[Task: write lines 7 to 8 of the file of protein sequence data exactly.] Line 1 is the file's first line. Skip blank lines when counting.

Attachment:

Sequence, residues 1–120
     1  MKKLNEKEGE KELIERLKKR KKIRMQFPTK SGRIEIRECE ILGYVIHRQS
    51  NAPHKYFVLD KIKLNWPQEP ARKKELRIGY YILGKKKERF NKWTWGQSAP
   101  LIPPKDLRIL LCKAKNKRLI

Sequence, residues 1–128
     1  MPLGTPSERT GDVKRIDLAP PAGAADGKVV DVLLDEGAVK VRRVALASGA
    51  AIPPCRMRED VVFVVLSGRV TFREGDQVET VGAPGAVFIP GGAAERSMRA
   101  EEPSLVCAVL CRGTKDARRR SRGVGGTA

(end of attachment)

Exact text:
    51  AIPPCRMRED VVFVVLSGRV TFREGDQVET VGAPGAVFIP GGAAERSMRA
   101  EEPSLVCAVL CRGTKDARRR SRGVGGTA